(Id. at 20564-65.).

Plaintiff objects to Magistrate Judge Limbert's order that the blanket AEO designation be lifted and the documents filed under seal. Plaintiff contends that this order is clearly erroneous based on "undeniable facts" because "[l]ifting the AEO designation would expose Champion's most sensitive attorney-client and work-product communications directly related to the issues in this case, and it would be an impossible task for Champion, or anyone, to file each of the 135,196 files in question under seal." (Obj. at 21836.).

Champion also continues to argue that defendants exceeded the scope of the Court's ESI discovery order, essentially attributing to defendants plaintiff's situation of being financially unable to conduct a privilege review and physically unable to file the documents under seal. But plaintiff's contentions regarding the scope of ESI discovery has already been addressed and is not the subject of the magistrate judge's order presently at issue. Indeed, Champion withdrew its earlier objections to an earlier order by Magistrate Judge Limbert in that regard. (See Doc. Nos. 466 and 467.).

By way of relevant background, early in the ESI discovery process plaintiff claimed that it lacked financial resources to review 95,998 e-mail files for privilege, and withheld the e-mails on that basis. These e-mails accounted for only a portion of the total ESI discovery now at issue. In an effort to accommodate plaintiff's claimed lack of resources to conduct a privilege review, and defendants' immediate need to access that discovery, Magistrate Judge Limbert ordered that the e-mails be produced to defendant Vista Food Exchange labelled "attorney eyes only," that such production did not operate as a waiver of the attorney-client privilege, and that if Vista encountered documents that appeared to be privileged, Vista was to not examine the documents, but return them to plaintiff. (Doc. No. 464 ["7/22/15 MJ Order"] at 1998-99.) In this way, the magistrate judge facilitated defendants' review and accommodated plaintiff's claimed inability to conduct a privilege review. Plaintiff has now applied an "attorney eyes only" designation to the entire body of ESI discovery on the grounds that it lacks the resources to conduct a privilege review.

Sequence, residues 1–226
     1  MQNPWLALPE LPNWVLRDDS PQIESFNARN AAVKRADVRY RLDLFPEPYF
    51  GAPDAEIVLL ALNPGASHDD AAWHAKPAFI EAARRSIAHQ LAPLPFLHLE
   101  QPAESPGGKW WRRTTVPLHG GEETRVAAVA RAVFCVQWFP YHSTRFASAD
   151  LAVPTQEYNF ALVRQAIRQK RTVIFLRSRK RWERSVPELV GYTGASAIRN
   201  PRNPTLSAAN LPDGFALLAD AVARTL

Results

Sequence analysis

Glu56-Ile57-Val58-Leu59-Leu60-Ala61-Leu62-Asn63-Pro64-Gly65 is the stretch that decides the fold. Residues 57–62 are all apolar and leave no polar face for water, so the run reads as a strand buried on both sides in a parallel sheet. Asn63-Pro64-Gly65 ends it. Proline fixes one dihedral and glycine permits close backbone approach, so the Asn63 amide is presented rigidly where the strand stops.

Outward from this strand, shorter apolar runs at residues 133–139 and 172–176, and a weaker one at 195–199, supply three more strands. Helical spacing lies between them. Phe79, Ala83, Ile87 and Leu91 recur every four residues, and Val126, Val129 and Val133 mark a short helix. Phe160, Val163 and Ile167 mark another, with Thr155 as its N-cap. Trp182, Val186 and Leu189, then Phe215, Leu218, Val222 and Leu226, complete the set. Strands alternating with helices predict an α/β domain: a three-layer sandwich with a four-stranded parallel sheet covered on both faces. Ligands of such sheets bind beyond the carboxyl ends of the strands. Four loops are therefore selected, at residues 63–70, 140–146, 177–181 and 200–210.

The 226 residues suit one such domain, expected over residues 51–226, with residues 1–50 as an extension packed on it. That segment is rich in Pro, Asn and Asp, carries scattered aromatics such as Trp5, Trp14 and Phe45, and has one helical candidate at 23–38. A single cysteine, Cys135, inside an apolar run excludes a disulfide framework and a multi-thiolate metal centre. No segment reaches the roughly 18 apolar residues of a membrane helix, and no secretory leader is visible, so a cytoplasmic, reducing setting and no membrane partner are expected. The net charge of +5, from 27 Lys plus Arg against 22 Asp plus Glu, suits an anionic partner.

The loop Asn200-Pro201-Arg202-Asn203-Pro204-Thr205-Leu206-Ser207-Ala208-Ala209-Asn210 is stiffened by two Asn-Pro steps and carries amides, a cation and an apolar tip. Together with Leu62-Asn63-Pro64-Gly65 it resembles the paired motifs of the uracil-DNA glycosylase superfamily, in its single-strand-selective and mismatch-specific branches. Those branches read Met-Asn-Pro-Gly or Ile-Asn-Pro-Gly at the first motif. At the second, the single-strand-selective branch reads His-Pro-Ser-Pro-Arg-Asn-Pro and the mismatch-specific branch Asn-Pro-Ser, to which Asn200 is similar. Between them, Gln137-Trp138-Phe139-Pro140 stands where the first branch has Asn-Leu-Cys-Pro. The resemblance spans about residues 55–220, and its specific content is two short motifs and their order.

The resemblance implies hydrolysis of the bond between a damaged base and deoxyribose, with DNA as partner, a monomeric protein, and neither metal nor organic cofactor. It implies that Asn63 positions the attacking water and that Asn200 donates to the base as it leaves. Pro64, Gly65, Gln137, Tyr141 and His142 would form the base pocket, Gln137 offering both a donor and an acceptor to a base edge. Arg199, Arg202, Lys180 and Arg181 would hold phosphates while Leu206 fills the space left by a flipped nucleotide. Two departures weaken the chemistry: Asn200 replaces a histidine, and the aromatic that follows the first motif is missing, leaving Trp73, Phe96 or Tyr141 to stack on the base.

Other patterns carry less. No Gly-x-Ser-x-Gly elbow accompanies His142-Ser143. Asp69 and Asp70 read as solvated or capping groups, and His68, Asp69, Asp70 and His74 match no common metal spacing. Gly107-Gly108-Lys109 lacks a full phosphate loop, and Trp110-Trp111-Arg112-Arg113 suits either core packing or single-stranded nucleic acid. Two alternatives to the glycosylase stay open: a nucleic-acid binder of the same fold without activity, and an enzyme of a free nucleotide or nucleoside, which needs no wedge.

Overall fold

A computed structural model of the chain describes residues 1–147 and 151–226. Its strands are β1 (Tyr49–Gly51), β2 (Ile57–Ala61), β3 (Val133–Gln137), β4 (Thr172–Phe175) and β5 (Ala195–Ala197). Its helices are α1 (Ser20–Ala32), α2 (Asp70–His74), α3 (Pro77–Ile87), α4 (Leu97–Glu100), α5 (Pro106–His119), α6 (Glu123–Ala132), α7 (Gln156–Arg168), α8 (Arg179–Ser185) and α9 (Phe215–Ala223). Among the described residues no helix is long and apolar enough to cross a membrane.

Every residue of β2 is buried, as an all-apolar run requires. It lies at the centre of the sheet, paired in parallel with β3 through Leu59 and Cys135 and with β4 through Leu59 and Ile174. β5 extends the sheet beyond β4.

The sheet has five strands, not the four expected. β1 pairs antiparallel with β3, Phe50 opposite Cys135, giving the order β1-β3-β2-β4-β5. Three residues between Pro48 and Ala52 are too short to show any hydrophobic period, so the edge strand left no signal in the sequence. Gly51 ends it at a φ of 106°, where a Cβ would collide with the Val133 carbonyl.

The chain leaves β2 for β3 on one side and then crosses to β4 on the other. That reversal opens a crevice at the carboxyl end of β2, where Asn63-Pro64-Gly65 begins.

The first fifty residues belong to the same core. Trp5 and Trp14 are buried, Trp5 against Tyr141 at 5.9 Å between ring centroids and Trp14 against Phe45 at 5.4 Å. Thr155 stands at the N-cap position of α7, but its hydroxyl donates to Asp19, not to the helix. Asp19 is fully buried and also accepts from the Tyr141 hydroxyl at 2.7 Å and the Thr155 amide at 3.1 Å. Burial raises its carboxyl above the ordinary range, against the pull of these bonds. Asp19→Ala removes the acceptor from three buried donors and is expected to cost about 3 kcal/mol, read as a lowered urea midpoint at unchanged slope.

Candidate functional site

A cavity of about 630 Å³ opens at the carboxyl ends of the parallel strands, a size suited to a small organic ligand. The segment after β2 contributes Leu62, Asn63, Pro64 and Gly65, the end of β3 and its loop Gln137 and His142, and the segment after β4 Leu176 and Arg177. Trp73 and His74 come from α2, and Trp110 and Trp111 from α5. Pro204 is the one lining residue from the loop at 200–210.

Magistrate Judge Limbert's order that the "attorney eyes only" designation of Champion's ESI discovery be removed is not clearly erroneous. The protective order in this case governing the use of confidential information does not provide for "attorney eyes only" designation. (See Doc. No. 46.) Further, except for the limited set of e-mails described in the magistrate judge's order of July 22, 2015, the Court finds no order or orders in the record that authorize plaintiff to apply a blanket "attorney eyes only" designation to all the ESI discovery, and plaintiff has not pointed the Court to any such authorization.

Rule 26(b)(5) of the Federal Rules of Civil Procedure governs the withholding of otherwise discoverable information on the basis of privilege and the procedure required for doing so. The burden of establishing the attorney-client privilege, and work product privilege, rests with the party asserting it. Randleman v. Fidelity Nat. Title Ins. Co., 251 F.R.D. 281, 284-85 (N.D. Ohio 2008) (citations omitted). Simply asserting that a body of documents contains privileged information is not sufficient to meet that burden. See In re Trans-Industries, Inc., No. 1:10 MC 34, 2011 WL 1130410, at * 4 (N.D. Ohio Mar. 28, 2011) (citation omitted). Champion's claimed financial inability to review the ESI discovery for privilege, and designation of the ESI discovery as "attorney eyes only" in an effort to protect whatever privileged documents may be contained therein, attempts a blanket assertion of privilege as to an entire body of ESI without regard to content, and is inappropriate under Rule 26. U.S. v. El Paso Co. 682 F.2d 530, 539 (5th Cir. 1982) ("[T]he attorney-client privilege may not be tossed as a blanket over an undifferentiated group of documents.") (citations omitted). To the contrary, assertions of privilege are to be narrowly construed. Ross v. City of Memphis, 423 F.3d 596, 600 (6th Cir. 2005) (citation omitted).

Plaintiff initiated this litigation and is obligated to comply with the Federal Rules of Civil Procedure regarding discovery. After instituting a lawsuit, plaintiff cannot use lack of financial resources as an excuse for failing to fulfill its discovery obligations and carry its burden under Rule 26(b)(5) to identify privileged documents. This is particularly true here given the nature and ever-growing expansiveness of the claims that plaintiff has alleged. Plaintiff's designation of all ESI discovery as "attorney eyes only" effectively requires defendants to obtain plaintiff's permission for each and every document that defendants' counsel desires to review with their clients. Defendants have a right to defend themselves in this action, and a right to unfettered access to discovery that is not privileged. Plaintiff cannot both forgo its duty to protect and identify its own privileged documents, and then complain that the magistrate judge's order places those unverified, unidentified, and unknown privileged documents in jeopardy. Accordingly, plaintiff's objection to Magistrate Judge Limbert's order to remove the "attorney eyes only" designation of the ESI discovery is overruled.